• The adaptation that occurs with reps in the 1-3 range is strength and power, especially the latter when movements are performed with speed.

Now keep in mind that this is only a guide––those wanting to increase muscle endurance will occasionally perform sets of 5 reps, but this is generally considered uncommon. Likewise, those wanting to improve strength will, on occasion, perform sets of 12 reps. But by and large, the rep ranges you normally train in should reflect your personal fitness goals.

Grade

Yet no matter how relevant your rep ranges are to your goals, you will have difficulty reaching those goals if there is little effort involved in your training. Here is an anecdote illustrating what I mean by that, and it comes from over 40 years of training experience.

In general, if I ask a male to choose a weight in an exercise in which he can perform 8 reps, he will choose a weight where he can get 5 reps and I will have to help him with 3. In general, if I ask a female to choose a weight in which they can perform 8 reps, they will choose a weight they can successfully do 20 times and stop at 8.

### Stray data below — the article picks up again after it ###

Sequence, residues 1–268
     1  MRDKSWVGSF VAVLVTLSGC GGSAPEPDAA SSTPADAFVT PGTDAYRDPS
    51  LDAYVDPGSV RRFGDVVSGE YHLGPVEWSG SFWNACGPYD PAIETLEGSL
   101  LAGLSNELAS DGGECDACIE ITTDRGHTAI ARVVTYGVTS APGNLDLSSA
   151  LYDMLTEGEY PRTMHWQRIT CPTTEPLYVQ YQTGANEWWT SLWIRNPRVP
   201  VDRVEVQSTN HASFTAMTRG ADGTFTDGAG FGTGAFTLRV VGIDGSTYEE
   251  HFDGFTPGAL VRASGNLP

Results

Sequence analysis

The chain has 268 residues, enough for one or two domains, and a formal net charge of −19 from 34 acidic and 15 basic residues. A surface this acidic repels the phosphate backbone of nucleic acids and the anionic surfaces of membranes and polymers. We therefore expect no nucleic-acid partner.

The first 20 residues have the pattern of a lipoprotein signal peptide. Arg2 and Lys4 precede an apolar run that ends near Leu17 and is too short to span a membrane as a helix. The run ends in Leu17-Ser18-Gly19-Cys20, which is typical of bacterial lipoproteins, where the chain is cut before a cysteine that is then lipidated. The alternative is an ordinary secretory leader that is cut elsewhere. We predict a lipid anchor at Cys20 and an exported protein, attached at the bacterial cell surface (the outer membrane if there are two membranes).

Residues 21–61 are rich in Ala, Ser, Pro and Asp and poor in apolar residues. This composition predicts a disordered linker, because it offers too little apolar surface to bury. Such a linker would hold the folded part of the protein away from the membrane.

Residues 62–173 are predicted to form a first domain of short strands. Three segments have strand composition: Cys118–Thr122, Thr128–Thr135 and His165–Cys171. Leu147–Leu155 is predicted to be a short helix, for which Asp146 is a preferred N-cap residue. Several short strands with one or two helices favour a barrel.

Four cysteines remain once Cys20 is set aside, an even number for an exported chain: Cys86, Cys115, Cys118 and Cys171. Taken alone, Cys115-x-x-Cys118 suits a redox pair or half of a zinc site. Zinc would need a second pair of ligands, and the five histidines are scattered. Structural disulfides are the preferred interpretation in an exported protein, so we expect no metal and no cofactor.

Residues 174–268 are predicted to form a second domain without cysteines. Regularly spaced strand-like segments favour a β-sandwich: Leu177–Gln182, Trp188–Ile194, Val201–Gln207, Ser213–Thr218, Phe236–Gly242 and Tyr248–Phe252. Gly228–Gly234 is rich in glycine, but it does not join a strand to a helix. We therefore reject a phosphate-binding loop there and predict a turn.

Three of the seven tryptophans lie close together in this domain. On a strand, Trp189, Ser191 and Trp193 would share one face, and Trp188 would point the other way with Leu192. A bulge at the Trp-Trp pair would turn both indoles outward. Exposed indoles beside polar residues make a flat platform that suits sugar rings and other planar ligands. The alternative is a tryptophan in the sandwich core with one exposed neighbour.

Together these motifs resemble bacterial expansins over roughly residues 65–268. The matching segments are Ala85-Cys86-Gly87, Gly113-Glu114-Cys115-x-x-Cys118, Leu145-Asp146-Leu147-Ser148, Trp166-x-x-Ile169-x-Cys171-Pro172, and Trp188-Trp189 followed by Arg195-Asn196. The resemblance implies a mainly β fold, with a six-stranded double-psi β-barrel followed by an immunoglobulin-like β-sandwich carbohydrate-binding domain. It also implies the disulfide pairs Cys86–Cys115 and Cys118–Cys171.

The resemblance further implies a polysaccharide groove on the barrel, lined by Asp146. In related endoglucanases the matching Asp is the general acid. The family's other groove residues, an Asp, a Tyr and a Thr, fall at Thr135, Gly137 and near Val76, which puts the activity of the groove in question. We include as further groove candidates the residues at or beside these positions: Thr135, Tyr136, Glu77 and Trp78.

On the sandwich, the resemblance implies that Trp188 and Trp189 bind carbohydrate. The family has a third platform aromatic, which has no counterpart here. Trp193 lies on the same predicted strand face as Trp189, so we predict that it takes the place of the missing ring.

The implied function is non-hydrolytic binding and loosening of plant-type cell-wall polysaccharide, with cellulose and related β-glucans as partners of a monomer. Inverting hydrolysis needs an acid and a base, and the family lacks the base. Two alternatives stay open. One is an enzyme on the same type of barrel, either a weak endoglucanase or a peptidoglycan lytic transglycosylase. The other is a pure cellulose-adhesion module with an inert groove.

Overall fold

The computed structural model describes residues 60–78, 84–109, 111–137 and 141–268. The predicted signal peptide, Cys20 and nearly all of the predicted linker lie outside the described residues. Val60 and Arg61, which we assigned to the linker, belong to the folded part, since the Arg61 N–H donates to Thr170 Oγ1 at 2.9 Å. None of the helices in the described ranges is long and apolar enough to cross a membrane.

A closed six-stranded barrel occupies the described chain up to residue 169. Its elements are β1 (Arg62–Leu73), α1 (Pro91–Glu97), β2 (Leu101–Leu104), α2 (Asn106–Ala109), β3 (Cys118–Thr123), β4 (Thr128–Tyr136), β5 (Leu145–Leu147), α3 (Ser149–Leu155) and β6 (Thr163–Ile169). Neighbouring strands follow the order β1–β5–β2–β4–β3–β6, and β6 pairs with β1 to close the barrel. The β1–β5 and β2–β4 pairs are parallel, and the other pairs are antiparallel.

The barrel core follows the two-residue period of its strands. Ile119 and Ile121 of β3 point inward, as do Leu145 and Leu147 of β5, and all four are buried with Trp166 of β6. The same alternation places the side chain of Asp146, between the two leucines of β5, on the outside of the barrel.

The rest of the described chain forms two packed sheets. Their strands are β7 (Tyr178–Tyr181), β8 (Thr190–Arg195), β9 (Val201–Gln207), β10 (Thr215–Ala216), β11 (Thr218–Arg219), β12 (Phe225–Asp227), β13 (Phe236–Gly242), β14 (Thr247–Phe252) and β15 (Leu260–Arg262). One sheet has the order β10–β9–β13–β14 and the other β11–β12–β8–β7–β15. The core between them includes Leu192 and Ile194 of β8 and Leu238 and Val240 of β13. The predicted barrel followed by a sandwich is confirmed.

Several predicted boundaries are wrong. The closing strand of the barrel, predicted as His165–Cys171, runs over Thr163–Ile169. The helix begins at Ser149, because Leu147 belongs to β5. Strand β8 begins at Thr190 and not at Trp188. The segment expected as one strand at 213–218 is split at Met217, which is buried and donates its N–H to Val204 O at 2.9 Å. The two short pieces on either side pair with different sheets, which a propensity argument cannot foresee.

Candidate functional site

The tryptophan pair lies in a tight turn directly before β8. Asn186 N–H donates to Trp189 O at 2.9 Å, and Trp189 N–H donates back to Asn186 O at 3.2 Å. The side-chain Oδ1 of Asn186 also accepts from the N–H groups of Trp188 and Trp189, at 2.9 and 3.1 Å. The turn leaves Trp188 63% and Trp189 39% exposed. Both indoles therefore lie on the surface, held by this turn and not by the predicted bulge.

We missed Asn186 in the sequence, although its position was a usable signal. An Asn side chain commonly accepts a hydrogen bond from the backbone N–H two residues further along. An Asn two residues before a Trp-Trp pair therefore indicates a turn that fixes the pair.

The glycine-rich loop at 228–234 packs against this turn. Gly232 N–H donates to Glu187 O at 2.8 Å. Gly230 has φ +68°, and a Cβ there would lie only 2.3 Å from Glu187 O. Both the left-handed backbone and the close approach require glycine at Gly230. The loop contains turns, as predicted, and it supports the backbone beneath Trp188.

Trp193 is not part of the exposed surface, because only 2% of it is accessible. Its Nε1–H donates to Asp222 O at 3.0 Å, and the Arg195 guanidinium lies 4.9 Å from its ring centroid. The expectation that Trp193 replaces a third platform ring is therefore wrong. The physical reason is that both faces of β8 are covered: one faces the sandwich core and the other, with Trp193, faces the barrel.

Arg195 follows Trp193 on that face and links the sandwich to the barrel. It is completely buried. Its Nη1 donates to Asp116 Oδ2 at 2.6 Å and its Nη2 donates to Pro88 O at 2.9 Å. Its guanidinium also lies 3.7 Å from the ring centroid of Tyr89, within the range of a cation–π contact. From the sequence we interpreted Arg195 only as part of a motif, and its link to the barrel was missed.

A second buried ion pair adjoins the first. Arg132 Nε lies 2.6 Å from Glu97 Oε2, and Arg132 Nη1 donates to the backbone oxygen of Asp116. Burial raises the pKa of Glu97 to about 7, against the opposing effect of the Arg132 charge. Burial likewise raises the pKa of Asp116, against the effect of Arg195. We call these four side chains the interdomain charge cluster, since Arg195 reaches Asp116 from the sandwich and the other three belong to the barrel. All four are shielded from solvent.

The point is not just that men tend to overestimate their strength and women don’t; the point is that neither these particular men or women are making the best use of what we know about rep ranges because they are missing the actual adaptation that comes from those rep ranges. By not choosing the appropriate loads, they are in effect training for a undesired, different adaptation.

Another aspect of grade is effort itself. If two twins start out with the same muscle size and strength, and each has the same training routine, but one employs high-effort sets – such as forced reps, drop-sets, etc. – they will have significantly different adaptations.

Finally, grade speaks to the issue of “tone” versus “bulk”. Firstly, you cannot tone a muscle like you tune a guitar string. The muscle either adapts to the training methodology, or simply doesn’t. That which brings about a feeling of being “toned” is nothing more than an increase in muscle strength, which depending on the methodology employed, typically comes with an increase in muscle size. The muscle has essentially adapted to a training stress, and now feels “toned.”

However, this is not a completely different adaptation than experienced by the one who trains for muscle size––it’s simply just a different grade of it.

Gender